Evicted: What Happens When Poverty Is Profitable?
‘There is an enormous amount of pain and poverty in this rich land,’ argues American sociologist Desmond in this brilliant book about housing and the lives of eight families in Milwaukee.
What if the dominant discourse on poverty is just wrong? What if the problem isn’t that poor people have bad morals – that they’re lazy and impulsive and irresponsible and have no family values – or that they lack the skills and smarts to fit in with our shiny 21st-century economy? What if the problem is that poverty is profitable? These are the questions at the heart ofEvicted, Matthew Desmond’s extraordinary ethnographic study of tenants in low-income housing in the deindustrialised middle-sized city of Milwaukee, Wisconsin.
You might not think that there is a lot of money to be extracted from a dilapidated trailer park or a black neighbourhood of “sagging duplexes, fading murals, 24-hour daycares”. But you would be wrong. Tobin Charney makes $400,000 a year out of his 131 trailers, some of which are little better than hovels. Sherrena Tarver, a former schoolteacher who is one of the only black female landlords in the city, makes enough in rents on her numerous properties – some presentable, others squalid – to holiday in Jamaica and attend conferences on real estate.
Desmond follows the intertwined fortunes of eight families and a host of minor characters. Arleen Belle and Doreen Hinkston are black mothers clinging to the edge of low-wage employment; Crystal and Trisha are fragile young black women whose upbringing was violent and chaotic; Lamar is a genial black father of two who lost both his legs to frostbite when he passed out on crack in an abandoned house; Scott is a white male nurse who lost his licence when he stole opioids from his patients; Larraine, also white, is a slightly brain-damaged sweet soul. It is sometimes a little hard to keep up with the storylines as they weave in and out of the text, but no matter. What is important is that Desmond takes people who are usually seen as worthless – there is even a trailer-dweller nicknamed Heroin Susie – and shows us their full humanity, how hard they struggle to retain their dignity, humour and kindness in conditions that continually drag them down.
The main condition holding them back, Desmond argues, is rent. The standard measure is that your rent should be no more than 30% of your income, but for poor people it can be 70% or more. After he paid Sherrena his $550 rent out of his welfare cheque, Lamar had only $2.19 a day for the month. When he is forced to repay a welfare cheque he has been sent in error and falls behind on rent, he sells his food stamps for half their face value and volunteers to paint an upstairs apartment, but it is not enough. People such as Lamar live in chronic debt to their landlord, who can therefore oust them easily whenever it is convenient – if they demand repairs, for example, like Doreen, or if a better tenant comes along. Sherrena liked renting to the clients of a for-profit agency that handles – for a fee – the finances of people on disability payments who can’t manage on their own. Money from government programmes intended to help the poor – welfare, disability benefits, the earned-income tax credit – go straight into the landlord’s pocket and, ironically, fuel rising housing costs. Public housing and housing vouchers are scarce. Three in four who qualify for housing assistance get nothing.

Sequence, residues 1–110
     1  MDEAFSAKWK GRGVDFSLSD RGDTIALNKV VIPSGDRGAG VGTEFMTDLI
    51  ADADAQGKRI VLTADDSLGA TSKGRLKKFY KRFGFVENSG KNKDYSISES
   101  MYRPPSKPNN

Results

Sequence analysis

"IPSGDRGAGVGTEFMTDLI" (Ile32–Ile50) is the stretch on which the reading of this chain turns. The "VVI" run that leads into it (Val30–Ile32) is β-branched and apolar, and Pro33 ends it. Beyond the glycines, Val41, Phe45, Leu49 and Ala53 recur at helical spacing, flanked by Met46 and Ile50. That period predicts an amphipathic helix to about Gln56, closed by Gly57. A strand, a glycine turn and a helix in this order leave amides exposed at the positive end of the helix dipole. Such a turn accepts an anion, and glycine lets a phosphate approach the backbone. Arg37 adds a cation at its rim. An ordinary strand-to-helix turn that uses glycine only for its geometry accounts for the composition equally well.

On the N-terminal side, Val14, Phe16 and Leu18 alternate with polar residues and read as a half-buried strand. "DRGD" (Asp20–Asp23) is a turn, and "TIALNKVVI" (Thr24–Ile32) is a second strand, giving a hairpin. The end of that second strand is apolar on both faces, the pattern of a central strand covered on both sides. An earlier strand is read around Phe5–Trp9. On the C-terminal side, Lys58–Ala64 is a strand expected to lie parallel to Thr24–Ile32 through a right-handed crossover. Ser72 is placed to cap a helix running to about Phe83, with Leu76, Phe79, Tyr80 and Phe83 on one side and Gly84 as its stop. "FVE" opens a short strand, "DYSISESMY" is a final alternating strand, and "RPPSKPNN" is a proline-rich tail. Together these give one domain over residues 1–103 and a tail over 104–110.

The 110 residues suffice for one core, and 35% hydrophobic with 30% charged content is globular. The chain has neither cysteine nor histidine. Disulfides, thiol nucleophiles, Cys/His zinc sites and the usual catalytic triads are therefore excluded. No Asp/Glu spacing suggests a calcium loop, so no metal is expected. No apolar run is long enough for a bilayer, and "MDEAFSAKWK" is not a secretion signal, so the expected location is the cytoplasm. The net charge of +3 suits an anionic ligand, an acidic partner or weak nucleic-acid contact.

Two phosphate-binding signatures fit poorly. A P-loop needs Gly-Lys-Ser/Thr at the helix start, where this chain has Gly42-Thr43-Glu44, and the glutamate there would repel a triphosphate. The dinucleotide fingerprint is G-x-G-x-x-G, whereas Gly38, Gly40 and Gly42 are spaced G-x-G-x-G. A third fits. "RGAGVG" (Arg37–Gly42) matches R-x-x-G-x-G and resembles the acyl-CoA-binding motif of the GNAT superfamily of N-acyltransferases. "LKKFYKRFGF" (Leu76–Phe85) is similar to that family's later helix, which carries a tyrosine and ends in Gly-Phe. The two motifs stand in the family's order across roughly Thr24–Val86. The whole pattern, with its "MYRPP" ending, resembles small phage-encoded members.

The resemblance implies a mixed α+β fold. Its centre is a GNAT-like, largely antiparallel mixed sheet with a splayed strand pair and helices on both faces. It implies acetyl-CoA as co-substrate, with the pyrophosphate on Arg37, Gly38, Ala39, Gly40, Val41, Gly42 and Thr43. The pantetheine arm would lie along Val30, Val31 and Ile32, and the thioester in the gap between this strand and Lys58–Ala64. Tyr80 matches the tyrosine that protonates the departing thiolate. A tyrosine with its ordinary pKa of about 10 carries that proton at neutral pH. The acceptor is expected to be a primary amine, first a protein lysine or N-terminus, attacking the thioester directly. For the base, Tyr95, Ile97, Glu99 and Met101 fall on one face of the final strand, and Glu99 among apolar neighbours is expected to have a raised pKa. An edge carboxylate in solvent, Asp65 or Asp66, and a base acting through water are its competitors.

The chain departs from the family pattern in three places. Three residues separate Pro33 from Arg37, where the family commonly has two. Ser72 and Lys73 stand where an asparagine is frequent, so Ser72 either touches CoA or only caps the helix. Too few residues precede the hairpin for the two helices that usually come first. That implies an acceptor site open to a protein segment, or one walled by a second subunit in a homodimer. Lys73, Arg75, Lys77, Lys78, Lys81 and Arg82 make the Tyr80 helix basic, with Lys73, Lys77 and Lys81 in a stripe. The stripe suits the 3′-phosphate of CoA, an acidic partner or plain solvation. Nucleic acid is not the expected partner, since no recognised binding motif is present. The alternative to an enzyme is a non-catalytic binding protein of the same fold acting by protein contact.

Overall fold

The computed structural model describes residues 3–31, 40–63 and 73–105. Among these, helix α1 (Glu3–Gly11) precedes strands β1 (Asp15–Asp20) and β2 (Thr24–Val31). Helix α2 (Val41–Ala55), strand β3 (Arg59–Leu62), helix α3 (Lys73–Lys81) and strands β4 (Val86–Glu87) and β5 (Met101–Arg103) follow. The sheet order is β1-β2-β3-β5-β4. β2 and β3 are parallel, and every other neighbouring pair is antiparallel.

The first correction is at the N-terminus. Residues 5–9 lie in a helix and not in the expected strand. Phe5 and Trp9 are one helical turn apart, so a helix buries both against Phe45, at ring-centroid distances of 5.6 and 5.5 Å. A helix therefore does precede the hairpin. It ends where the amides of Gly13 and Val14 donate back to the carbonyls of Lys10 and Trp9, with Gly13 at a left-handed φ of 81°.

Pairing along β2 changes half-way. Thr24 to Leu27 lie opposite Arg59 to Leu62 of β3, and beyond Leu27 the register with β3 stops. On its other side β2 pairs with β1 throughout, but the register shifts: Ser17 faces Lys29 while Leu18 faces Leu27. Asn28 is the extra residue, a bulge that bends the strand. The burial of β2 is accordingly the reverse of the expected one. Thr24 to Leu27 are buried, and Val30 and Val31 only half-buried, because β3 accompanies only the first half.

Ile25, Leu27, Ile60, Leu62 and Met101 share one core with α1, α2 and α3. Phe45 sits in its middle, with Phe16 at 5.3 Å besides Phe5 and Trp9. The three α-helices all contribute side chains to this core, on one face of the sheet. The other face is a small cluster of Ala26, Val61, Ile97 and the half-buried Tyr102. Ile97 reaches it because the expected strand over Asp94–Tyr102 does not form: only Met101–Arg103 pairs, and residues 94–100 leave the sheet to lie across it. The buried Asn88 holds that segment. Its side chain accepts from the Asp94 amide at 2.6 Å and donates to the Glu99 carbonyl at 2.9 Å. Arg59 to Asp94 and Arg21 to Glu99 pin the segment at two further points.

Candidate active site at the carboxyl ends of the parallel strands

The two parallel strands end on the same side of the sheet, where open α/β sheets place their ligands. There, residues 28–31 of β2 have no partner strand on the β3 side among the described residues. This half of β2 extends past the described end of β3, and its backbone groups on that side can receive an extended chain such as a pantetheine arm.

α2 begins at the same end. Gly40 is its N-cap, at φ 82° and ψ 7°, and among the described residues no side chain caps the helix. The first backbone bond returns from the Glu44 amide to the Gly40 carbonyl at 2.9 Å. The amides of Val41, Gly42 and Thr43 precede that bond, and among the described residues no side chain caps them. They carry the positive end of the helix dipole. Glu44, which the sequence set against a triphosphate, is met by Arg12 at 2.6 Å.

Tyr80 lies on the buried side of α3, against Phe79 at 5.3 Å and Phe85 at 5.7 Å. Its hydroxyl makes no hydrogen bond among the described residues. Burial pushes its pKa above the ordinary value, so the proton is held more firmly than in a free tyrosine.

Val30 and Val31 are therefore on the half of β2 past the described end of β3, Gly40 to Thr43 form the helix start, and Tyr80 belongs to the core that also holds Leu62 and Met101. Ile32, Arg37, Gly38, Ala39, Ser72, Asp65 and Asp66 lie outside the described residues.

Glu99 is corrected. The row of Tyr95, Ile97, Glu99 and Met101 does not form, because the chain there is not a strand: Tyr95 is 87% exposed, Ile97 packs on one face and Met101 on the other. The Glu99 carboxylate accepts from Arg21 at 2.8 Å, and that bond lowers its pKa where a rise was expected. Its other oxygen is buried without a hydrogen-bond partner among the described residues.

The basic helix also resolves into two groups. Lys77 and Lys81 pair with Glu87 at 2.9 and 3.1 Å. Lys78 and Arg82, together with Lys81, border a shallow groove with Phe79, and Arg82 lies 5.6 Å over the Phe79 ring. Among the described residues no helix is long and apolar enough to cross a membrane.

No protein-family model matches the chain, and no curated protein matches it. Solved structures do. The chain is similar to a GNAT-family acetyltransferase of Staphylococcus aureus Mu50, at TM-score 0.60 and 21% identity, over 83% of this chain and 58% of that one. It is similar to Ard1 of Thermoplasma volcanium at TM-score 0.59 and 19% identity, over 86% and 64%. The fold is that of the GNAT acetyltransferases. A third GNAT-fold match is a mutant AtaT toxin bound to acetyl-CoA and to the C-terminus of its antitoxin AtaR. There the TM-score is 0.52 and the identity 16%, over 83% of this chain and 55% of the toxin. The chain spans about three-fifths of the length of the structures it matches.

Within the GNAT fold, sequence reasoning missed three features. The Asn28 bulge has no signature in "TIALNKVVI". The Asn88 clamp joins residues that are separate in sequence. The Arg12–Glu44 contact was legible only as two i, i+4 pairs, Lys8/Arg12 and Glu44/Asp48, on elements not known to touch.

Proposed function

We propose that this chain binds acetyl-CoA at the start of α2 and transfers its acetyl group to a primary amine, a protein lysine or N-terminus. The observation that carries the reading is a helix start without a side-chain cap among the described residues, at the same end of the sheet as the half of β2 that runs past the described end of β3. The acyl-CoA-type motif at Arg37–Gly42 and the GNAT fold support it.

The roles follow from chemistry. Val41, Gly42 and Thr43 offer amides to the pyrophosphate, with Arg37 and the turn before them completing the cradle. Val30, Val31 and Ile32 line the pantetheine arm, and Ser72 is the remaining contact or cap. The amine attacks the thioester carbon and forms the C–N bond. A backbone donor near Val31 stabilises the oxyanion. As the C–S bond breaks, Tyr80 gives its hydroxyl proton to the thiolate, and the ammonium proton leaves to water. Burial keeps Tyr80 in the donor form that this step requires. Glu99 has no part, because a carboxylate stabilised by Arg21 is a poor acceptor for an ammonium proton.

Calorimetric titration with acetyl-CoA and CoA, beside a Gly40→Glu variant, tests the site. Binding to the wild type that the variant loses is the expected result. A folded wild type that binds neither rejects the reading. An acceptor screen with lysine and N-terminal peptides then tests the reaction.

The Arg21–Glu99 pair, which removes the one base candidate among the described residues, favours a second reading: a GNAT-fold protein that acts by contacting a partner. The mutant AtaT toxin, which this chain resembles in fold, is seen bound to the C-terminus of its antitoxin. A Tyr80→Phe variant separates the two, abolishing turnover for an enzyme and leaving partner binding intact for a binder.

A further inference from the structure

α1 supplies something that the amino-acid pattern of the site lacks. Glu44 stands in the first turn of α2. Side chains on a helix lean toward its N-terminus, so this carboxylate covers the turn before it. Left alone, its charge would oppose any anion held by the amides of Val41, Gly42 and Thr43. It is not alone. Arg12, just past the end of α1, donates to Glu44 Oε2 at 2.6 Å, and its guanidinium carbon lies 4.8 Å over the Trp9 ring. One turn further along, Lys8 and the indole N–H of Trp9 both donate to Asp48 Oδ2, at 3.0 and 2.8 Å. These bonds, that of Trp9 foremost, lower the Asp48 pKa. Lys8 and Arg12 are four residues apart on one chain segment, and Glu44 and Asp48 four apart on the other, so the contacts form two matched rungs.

Even in the Great Depression, evictions used to be rare. Now, each year, hundreds of thousands, perhaps millions, of renters are put out on the street. Even a paid-up tenant can be easily evicted. Arleen loses one apartment when her son Jori throws a snowball at a passing car and the enraged driver kicks in the front door, and another when the police come after Jori when he kicks a teacher and runs home. Any kind of trouble that brings the police can lead to eviction, which means women can lose their homes if they call 911 when their man beats them up. Think about that the next time someone asks why women don’t call the cops on violent partners.
As Desmond shows, the main victims of eviction are women. Why? They are paid less than men for doing the same job. They are less able to make deals with their landlord, who is almost always a man, to work off part of their rent with manual labour. The main reason, though, is that women are raising children as single mothers. They not only have all the costs and burdens of childrearing, they need bigger apartments – which, since landlords dislike renting to families with young children, are harder to find and a lot harder to keep. Other sociologists – Kathryn Edin, for example – have found that single mothers often get help under the table from their children’s fathers, but Arleen, Doreen and Doreen’s adult daughter Patrice get mostly trouble from men, who are variously abusive, addicted, vanished or in prison. In one of the book’s many small sad moments, Arleen claims she receives child support in order to seem more stable and respectable to a prospective landlord. In fact, she gets nothing.
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